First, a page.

The East (May 31) – Brit Marling’s latest movie, The East, sounds like an incendiary amalgamation of The Edukators and If A Tree Falls, with a dash of Fight Club-esque nihilism for good measure. In Sound of My Voice, she played a cult leader and the protagonists were the infiltrators; here, she is the infiltrator, attempting to gain access into an “eco-terrorist” group that launches attacks against major corporations (I use quotation marks as I am not quite sure the rather-easily-slapped-on terrorist label should be bandied about quite so freely in cases involving environmental issues). The East finds Brit teaming up with long-time collaborator and fellow Georgetown alum Zal Batmanglij to once again explore the more subversive side of life (they also co-wrote and produced Sound Of My Voice). Alexander Skarsgård plays the group’s firebrand (ha!) leader and Ellen Page one of its members. The East promises to be a thrilling take on some very cogent, all too terrifyingly real issues and if Brit’s past work is any indication, expect this to be thoroughly and I do mean thoroughly engrossing. The trailer alone will give you chills.
Passion (September 7) – Brian De Palma knows a thing or two about the lurid, with a resume featuring Scarface, Carlito’s Way, and Carrie. Rachel McAdams (yes, the ebullient girl next door Rachel McAdams) and Noomi Rapace (yes, the girl with the dragon tattoo) star in De Palma’s remake of the 2010 French thriller Love Crime, which follows two women playing games with each other in a business setting. Think The Devil Wears Prada with a lot more violence and sex, maybe? While things start out with a little good ol’ taking credit for someone else’s idea – Rachel McAdams’ character takes credit for her underling’s work – they quickly escalate. I mean, didn’t Desperate Housewives teach you the jump from casserole bickering to murder isn’t all that great!? McAdams and Rapace could be the new Natalie Portman and Mila Kunis from Black Swan: things are looking pretty steamy, lack of leotards and anorexia notwithstanding.
Following in the chilling footsteps of last year’s Martha Marcy May Marlene, Sound of My Voice’s premise is simple enough: couple Peter (Christopher Denham) and Lorna (Nicole Vicius) set out to infiltrate a cult, make a documentary about it, and expose the leader as a fraud. As in Martha Marcy May Marlene, however, reality and truth are eerie, elusive concepts. The process of joining this cult is a disorienting and de-personalizing experience. To be allowed into the cult, they have to assume the identities of believers and, in the process, relinquish their real ones. Needless to say, Peter and Lorna’s journey quickly becomes an honest-to-god identity crisis. What’s more, the line between wanting to do a documentary on a cult and being in one is as enigmatic as the cult’s enigmatic leader. Who is she? Is she just a manipulative hack, or is she really from the year 2054, sent here to impart knowledge to a select group of “chosen ones?”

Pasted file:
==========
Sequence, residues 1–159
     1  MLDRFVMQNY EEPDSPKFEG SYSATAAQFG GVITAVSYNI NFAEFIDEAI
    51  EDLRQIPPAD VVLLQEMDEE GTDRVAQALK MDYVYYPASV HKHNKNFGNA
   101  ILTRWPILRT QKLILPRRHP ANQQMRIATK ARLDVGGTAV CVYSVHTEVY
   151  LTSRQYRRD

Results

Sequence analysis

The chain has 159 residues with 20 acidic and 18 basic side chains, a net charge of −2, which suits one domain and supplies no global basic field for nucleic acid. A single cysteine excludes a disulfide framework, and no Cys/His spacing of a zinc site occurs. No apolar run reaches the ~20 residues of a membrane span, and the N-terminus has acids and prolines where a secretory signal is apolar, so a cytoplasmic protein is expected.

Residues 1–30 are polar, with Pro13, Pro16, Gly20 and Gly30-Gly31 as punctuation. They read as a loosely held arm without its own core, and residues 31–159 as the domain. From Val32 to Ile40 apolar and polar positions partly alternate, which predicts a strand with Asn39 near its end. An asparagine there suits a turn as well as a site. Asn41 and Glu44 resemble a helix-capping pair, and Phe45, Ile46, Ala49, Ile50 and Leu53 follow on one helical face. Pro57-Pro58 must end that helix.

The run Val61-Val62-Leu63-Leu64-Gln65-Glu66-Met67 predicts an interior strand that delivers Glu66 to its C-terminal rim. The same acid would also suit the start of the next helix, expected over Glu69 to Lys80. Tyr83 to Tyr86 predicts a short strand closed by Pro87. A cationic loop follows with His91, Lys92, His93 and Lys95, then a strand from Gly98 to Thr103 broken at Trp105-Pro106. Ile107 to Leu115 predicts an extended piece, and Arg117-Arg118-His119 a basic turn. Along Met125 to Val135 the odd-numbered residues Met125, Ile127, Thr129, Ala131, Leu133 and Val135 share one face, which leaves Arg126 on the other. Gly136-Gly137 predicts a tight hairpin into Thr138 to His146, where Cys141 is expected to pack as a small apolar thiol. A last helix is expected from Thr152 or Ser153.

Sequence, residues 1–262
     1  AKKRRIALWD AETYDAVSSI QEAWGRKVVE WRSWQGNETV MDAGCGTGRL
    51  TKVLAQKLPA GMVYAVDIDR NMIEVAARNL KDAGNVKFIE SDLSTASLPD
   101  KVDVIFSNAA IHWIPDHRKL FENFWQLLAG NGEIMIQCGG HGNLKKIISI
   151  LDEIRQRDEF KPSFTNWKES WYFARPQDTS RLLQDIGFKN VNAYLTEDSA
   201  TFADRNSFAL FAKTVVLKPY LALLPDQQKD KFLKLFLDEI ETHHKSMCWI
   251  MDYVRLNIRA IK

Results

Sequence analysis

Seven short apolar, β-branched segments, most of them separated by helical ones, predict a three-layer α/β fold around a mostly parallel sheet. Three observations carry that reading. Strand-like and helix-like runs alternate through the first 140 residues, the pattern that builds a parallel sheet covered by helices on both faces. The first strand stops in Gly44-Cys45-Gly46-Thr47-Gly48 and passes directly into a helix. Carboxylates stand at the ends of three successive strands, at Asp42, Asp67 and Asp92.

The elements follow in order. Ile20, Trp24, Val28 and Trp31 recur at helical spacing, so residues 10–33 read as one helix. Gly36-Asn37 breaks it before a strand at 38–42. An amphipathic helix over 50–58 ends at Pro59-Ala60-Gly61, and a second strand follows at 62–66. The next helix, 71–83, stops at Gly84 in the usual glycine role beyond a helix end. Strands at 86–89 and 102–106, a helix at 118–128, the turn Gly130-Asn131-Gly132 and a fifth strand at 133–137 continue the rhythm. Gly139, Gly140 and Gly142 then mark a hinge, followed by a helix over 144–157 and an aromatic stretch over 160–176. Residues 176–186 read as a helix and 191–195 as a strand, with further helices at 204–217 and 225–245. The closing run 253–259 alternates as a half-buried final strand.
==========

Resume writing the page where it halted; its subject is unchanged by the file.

Co-writers Brit Marling and Director Zal Batmanglij, both Georgetown graduates, bring a mesmerizing, minimalist ethos to this film. In Marling’s other film Another Earth, Marling’s ethereal, luminous presence embodies her walking-wounded character. Her beautiful otherness is appropriately otherworldly and futuristic. Sci-fi tinge notwithstanding, Another Earthwas grounded in its human element, yet had enough of a flight of fancy to transport the viewer to a different dimension. The existential “anywhere but here” quest that underpinned is present in The Sound Of My Voice as well. Ultimately, there is this escapist search for meaning the viewer keeps hearing about in both.
. Sure, Peter and Lorna’s very hipster/I am so tired of the scene asides add some levity to the matter [ e.g. bemoaning the superficiality of getting drunk at art installations and one’s life playing out like an episode of Entourage], but this search for something substantive and meaningful belies sweeping generalizations about the cult members as “damaged people” doing damning things.